I’ve seen all that on the news, but what actually is Coronavirus?
Covid-19 is the infectious disease caused by the coronavirus, SARS-CoV-2, which is a respiratory pathogen (i.e. a bacterium, virus, or other microorganism that can cause disease).
How does the Coronavirus work?
COVID-19 uses its spiky surface proteins to attach to receptors found on healthy cells, especially those found in the lungs. These viral proteins travel through ACE2 receptors; and once they're inside, the coronavirus seizes healthy cells and takes control. |This results in some of the healthy cells eventually being killed.
The virus impacts the respiratory system by moving down your mouth, nose, throat, and lungs. COVID-19 however, goes further than illnesses such as the common cold, this is becuase the lower airways have more ACE2 receptors than the rest of the respiratory tract. It is this reason that the coronavirus is more threatening than the average cold or flu. It focuses on the lungs, thus making breathing difficult, this is particularly harmful if it leads to pneumonia.
What are the symptoms
COVID-19 affects different people in different ways. There are some who show no symptoms, and perhaps aren't even aware they have contracted the virus. Others will develop mild to moderate illness and recover without hospitalisation. Others, as we know, have much more significant, and sometimes fatal consequences.
Most common symptoms:
- dry cough.
Less common symptoms:
- aches and pains.
- sore throat.
- loss of taste or smell.
- a rash on skin, or discolouration of fingers or toes.
- difficulty breathing or shortness of breath.
- chest pain or pressure.
- loss of speech or movement.
For approximately 80% of people who catch Coronavirus, the symptoms end with a cough and a fever. For others, the infection can become very severe. About five to eight days after symptoms begin, shortness of breath can sometimes occur which can lead to acute respiratory distress syndrome (ARDS). It takes approximately 5–6 days for symptoms to show, although it can take up to 14 days.
It has been suggested that this group of people - who show no symptoms - are responsible for most of the spread. Inevitably, if people are not showing symptoms, it is less likely they will seek out testing. In addition to this, positive tests generally represent infections that have been in the body between 5 - 14 days. Which has given the infection a great deal of time to spread.
The answer to this is a massive YES.
Many CBD companies have been heavily criticised for selling products that claim to prevent COVID-19. The FDA has forbidden the 'sale and advertising of products for the mitigation, prevention, treatment, diagnosis or cure of COVID-19'. With some companies having been sent warning letters from the FDA.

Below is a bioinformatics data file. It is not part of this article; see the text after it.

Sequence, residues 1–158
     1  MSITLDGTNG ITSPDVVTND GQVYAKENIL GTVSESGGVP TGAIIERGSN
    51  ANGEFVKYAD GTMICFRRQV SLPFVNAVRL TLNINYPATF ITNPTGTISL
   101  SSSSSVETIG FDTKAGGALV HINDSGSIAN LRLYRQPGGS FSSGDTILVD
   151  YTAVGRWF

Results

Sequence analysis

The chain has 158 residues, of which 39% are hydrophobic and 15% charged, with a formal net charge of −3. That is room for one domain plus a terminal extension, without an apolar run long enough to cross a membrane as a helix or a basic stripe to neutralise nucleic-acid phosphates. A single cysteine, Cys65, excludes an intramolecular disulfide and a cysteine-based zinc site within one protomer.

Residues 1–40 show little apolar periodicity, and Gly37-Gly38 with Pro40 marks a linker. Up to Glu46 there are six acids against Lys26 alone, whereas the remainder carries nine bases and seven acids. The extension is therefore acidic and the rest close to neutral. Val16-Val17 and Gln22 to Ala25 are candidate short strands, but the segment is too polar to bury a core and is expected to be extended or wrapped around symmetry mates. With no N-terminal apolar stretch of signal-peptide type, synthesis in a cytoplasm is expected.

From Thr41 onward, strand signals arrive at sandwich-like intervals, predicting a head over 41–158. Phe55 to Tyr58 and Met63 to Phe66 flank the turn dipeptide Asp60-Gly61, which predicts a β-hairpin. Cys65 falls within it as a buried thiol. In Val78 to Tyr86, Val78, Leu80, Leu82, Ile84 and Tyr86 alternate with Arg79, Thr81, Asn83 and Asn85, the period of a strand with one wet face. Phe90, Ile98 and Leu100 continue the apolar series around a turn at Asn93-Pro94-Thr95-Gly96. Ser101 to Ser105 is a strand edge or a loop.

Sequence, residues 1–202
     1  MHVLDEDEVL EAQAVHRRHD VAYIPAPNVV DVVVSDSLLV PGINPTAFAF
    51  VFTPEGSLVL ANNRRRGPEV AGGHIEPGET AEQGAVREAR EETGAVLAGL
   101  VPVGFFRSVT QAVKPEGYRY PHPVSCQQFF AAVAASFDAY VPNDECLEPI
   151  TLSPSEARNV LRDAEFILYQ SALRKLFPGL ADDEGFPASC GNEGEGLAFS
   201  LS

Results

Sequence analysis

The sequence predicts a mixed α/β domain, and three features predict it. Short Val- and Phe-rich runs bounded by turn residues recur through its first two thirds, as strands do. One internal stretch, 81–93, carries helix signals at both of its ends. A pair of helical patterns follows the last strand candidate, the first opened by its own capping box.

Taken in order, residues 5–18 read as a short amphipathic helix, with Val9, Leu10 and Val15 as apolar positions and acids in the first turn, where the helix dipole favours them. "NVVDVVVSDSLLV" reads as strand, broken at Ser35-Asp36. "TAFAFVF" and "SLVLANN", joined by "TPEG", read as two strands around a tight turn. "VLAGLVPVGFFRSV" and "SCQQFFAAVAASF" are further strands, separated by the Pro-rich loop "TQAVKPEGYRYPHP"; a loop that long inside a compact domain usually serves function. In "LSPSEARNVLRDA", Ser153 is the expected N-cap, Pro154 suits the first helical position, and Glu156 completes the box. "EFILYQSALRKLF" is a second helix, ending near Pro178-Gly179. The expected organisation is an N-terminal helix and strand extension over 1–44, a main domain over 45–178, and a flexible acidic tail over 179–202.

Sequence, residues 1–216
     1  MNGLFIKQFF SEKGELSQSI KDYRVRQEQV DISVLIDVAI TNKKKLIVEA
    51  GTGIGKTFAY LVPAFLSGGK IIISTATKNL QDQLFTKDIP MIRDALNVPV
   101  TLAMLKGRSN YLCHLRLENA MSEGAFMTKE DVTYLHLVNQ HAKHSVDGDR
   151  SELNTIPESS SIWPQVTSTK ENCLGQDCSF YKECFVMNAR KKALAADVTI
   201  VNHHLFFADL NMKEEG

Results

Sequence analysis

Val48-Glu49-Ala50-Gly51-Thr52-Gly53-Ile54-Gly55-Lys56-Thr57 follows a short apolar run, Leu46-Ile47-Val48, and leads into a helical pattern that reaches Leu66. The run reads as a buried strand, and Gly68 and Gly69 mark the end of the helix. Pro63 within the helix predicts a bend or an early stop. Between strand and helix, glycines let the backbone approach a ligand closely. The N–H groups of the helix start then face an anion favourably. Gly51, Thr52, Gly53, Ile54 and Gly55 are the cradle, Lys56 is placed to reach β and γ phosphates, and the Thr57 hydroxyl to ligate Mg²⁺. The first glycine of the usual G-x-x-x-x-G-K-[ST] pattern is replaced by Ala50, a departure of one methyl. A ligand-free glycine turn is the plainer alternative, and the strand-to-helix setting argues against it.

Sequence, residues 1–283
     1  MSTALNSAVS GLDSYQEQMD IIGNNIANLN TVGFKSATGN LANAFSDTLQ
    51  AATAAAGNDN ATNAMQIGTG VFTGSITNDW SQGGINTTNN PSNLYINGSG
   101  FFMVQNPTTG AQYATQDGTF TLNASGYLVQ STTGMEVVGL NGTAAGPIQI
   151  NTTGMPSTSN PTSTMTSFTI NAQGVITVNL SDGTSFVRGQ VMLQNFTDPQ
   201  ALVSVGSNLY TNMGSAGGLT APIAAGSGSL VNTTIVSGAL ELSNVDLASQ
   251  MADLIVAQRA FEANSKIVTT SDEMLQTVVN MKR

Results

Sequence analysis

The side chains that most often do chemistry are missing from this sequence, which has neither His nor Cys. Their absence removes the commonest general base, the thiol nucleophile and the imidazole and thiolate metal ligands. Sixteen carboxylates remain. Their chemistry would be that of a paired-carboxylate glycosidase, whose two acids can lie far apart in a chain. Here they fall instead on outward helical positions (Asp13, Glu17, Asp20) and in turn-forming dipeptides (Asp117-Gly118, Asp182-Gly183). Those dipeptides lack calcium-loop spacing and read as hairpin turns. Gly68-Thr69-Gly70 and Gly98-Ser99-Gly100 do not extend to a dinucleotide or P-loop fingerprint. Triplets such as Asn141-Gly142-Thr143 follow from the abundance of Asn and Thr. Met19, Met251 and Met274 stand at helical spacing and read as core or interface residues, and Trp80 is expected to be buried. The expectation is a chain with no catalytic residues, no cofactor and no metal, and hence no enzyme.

In March 2020, the U.S. Food and Drug Administration issued a warning about the use of non-steroidal, anti-inflammatory drugs (NSAIDs) in the treatment of COVID-19. Taking advice from The Lancet Medical Journal, it was advised that NSAIDs contain an enzyme which could complicate symptoms and treatment of COVID-19.
Britain’s National Health Service (NHS) agreed with the potential use of CBD early in the Coronavirus outbreak but by April 2020, they reversed that opinion and stating “there is currently no evidence that the acute use of NSAIDs causes an increased risk of developing COVID-19 or of developing a more severe COVID-19 disease.
One might make the assumption that these views come from those who oppose the use of CBD in general, but this simply isn't the case. Pro-CBD experts have also raised concerns.
Whilst the theory behind CBD and how it can help does point towards the idea it could help with Coronavirus, professionals are stating that this isn't the case, and even those to who study CBD have been alarmed by some of the claims being made by advertisers. The board of the International Association on Cannabinoid Medicines (IACM) even released a statement in March asking advertisers not to amplify “false information that is circulating on the Internet.”
Sunil K. Aggarwal, an integrative medicine physician who uses cannabis in his Seattle practice, agrees with the IACM and notes that there is no evidence that CBD protects against coronavirus infection or effectively treats it.